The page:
Judge Robinson recently construed the terms of patents-in-suit — U.S. Patent Nos. 7,919,159; 7,943,216, and 7,879,930 — related to “plastic materials with applications in packaging for oxygen-sensitive foods and beverages.” INVISTA North America S.a.r.l. et al. v. M&G USA Corporation, et al., C.A. No. 11-1007-SLR-CJB (D. Del. June 25, 2013).
Judge Robinson construed the following terms:
“copolyester containing a metal sulfonate salt”
“copolyester comprising a metal sulfonate salt”
“metal sulfonate salt”
“melt blended resin” and “melt blend”
“a base polymer”
“transition metal catalyst”
“copolyester of polyethylene terephthalate”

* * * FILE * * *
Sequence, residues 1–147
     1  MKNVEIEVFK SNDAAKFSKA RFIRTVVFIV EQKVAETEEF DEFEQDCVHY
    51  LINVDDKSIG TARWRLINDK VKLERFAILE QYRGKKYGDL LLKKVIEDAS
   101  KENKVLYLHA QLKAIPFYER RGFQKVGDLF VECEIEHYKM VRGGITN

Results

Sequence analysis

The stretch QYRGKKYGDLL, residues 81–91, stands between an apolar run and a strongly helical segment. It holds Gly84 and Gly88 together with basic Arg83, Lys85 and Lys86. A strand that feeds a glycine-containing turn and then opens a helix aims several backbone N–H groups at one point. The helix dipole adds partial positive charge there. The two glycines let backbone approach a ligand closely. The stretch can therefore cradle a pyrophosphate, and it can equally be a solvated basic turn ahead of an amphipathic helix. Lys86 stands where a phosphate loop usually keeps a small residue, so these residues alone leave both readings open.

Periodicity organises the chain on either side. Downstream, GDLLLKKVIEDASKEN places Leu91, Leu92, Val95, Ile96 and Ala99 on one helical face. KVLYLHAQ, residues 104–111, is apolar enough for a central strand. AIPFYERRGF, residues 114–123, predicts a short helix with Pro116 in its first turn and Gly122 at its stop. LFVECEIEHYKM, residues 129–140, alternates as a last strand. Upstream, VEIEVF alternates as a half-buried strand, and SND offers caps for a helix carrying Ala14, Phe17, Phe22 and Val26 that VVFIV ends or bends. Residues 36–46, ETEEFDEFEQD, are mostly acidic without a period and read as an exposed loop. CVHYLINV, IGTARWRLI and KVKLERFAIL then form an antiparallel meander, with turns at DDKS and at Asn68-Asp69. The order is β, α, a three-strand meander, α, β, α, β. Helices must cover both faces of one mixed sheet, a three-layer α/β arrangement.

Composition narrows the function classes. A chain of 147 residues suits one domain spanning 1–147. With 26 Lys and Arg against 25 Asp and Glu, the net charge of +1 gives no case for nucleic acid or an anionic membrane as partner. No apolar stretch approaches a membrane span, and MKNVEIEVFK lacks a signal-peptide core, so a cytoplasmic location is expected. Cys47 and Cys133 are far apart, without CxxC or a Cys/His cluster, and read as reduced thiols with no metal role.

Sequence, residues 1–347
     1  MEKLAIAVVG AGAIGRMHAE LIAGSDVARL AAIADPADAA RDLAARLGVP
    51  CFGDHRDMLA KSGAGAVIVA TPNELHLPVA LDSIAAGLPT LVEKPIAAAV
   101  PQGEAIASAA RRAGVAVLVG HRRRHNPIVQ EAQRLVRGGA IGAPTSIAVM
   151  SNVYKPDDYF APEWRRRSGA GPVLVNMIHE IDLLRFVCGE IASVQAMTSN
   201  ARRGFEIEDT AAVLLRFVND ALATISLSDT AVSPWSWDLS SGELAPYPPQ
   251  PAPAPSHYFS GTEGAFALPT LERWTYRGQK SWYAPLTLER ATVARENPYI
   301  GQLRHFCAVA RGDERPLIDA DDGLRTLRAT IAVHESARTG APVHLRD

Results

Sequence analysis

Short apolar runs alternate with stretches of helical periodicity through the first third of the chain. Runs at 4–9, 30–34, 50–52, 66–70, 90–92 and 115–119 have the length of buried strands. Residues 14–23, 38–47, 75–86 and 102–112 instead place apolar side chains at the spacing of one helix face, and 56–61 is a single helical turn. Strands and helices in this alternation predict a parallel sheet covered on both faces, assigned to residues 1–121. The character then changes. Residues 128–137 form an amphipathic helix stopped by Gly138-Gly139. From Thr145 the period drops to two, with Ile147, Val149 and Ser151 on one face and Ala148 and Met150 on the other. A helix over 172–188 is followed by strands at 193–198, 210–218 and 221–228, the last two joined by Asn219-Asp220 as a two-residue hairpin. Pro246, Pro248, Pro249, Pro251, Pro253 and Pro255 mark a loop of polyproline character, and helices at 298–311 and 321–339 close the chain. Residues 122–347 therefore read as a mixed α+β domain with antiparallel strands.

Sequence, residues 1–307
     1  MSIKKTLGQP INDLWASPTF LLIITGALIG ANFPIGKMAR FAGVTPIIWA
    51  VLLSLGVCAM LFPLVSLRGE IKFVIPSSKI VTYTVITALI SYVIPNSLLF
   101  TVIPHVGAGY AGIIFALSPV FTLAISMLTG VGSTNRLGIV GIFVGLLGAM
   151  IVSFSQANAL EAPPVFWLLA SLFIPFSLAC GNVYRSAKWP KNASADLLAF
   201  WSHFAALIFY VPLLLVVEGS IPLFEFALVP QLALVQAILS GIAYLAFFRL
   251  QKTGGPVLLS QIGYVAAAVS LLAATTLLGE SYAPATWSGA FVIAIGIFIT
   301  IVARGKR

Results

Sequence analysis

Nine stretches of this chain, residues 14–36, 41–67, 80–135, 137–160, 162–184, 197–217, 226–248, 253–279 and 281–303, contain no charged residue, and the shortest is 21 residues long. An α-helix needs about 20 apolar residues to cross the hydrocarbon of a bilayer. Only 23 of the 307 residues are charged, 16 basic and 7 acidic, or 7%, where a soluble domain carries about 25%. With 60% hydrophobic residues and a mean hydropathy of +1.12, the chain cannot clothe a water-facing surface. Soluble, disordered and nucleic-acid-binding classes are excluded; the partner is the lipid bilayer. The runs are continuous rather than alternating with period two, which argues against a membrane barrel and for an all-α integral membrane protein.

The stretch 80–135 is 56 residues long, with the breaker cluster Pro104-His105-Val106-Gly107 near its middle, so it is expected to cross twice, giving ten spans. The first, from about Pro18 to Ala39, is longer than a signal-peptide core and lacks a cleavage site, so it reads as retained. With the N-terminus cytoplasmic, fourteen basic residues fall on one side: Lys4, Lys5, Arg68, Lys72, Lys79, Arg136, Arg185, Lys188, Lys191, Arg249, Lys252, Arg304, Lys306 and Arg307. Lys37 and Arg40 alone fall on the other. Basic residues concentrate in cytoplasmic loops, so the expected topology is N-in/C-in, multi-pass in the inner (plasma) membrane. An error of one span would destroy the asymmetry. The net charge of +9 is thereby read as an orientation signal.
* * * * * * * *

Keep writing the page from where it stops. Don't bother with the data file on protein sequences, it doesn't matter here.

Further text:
Judge Robinson also considered M&G’s motion to strike INVISTA’s expert testimony submitted in support of its opening claim construction brief, and “hours before the close of expert discovery.” Id. at 7 n.7. INVISTA argued that its expert’s testimony did not violate the scheduling order’s provisions on disclosure of expert testimony because the submission merely provided “a background tutorial for purposes of claim construction.” Id. Judge Robinson disagreed.
Claim construction is an issue highly relevant to infringement in this case. Even if lnvista’s filing of new expert testimony at the close of expert discovery and without prior notice to M&G did not technically violate the scheduling order, it was inconsistent with the intent of the scheduling order.
Id. at 8
Judge Robinson agreed that “expert testimony can aid the court in claim construction,” but struck INVISTA’s expert testimony in this case, becuase “allowing new expert testimoony that ha[d] not been vetted through discovery would unduly prejudice M&G.” Id.